I followed the directions for making tender juicy steak, and it came out tender, juicy and delicious. My family devoured the steak. Thanks for the tips. In the past I voided making steak on the stove because it always was tough and chewy. Not anymore.
Glad to hear it. I like grilled steak but it’s not always possible to cook outside. Having a great recipe for indoor steak cooking is a must.
Followed your directions and the steaks came out great. Thank you!!
Happy to hear that, Diana. Make sure to check out my other recipes, there plenty of really good ones;)
What a great post!
I’ve been cooking steak by a certain method for a long time and that’s how we’ve always cooked it. But coming across your method and looking at your pictures definitely gave me an open mind to want to try.
I do have a question about basting them with juices. Do you mean juices from when they were resting?
That and the butter if you decide to use it.
Excited to try this! I use a very similar method, but have never let the meat rest before transferring to the oven. I’m intrigued!
When I cook my folks always rush me because everyone’s hungry. With the steaks it’s a different story – just make sure to give them a good rest because they taste so much better.;)
Bought 1 1/2 inch Black Angus strip steaks. Followed your directions to a T with the exception of time allowed for seasoning. I seasoned 4 hours prior uncovered in the fridge. They turned out amazing !! Incredibly juicy and tender *Fine dining Restaurant quality.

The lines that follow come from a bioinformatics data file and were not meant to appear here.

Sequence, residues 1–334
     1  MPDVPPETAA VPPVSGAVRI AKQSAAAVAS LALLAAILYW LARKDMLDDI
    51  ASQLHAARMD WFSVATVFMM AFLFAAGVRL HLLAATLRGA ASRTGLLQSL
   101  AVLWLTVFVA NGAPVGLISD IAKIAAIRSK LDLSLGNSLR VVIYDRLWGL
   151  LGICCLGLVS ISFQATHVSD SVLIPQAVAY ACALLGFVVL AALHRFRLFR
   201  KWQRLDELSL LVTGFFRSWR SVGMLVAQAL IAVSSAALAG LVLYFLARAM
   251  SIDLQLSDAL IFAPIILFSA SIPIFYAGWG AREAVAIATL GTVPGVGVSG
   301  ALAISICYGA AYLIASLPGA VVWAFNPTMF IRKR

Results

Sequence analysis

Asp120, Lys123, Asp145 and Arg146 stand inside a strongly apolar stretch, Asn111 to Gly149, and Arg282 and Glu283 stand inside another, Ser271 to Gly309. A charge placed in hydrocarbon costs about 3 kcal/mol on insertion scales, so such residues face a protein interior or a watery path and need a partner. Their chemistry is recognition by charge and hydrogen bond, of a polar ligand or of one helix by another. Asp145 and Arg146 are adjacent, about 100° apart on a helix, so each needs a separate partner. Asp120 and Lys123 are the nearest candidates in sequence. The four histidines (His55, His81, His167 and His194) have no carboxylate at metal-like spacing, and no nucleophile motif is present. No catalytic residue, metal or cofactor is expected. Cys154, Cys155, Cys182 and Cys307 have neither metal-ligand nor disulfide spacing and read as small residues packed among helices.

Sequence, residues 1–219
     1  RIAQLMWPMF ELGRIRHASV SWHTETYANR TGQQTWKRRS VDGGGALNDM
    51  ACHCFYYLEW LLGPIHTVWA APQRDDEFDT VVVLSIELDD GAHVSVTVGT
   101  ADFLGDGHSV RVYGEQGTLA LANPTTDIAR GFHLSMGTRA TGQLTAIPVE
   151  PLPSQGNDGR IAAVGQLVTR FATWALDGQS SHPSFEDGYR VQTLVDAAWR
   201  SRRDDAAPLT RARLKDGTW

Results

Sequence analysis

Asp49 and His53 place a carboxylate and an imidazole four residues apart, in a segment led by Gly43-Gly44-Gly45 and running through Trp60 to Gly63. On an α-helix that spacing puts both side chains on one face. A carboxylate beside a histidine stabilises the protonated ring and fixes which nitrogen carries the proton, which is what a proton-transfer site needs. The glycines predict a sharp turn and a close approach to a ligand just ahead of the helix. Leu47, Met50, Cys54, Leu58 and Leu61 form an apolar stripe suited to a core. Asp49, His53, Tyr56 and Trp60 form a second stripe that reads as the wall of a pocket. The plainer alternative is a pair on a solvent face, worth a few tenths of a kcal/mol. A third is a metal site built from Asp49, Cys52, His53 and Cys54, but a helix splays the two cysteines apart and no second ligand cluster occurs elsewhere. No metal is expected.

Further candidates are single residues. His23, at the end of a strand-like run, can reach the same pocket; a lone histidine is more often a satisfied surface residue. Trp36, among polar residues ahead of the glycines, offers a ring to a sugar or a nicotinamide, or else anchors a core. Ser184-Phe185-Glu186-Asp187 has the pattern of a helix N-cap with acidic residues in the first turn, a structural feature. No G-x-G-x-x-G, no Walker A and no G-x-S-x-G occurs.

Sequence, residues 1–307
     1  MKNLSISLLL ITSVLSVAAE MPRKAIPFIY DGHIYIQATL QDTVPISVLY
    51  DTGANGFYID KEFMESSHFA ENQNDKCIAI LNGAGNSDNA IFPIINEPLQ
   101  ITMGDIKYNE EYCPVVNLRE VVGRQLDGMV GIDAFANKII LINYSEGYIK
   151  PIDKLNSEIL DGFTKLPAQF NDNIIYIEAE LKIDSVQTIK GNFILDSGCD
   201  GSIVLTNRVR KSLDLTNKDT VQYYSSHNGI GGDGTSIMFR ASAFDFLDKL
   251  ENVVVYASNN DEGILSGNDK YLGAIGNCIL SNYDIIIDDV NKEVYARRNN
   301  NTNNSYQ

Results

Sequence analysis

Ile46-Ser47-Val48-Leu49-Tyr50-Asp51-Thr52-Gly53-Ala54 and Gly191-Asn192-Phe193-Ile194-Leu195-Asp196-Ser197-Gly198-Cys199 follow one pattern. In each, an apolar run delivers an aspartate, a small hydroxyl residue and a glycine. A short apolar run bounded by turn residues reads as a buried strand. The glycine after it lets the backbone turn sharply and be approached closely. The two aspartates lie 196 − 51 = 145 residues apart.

Question, you had seasoned two days prior. If I follow the same allowed time, do I put them in a container in the fridge or just on a platter not covered? How do you age the steak for 1-2 days. Thanks for your post can’t wait to entertain and serve to friends.
Awesome! Glad you enjoyed your steaks. 1 1/2 inch thick Angus steak, ha? My mouth is watering just thinking about it.
I put my steaks on a platter, uncovered. I flip them once or twice and wipe off excess liquid with a paper towel.
Very good information. Looking forward to giving it a try. Thanks so much for sharing. 🙂
Not a problem. I hope you like your steak cooked using this method. I haven’t had any complaints, only compliments.;-)
Wow! You sir are a steak master. And your explanations are detailed and helpful. I made some steaks yesterday following your guide and I got more praises in one evening than in the past several years. I am not a pro by a long shot but I felt like a pro last night. Thank you and God bless.
You are very welcome! Thank you for the compliment. I am honored.
I am totally making these tonight. Your pictures made me so hungry for a steak.
This is very impressive! I just made steaks with a marinade and they were pretty yucky. I had no idea preparing steak was so involved, but your directions are not intimidating at all. I can’t wait to give it a try! Thank you.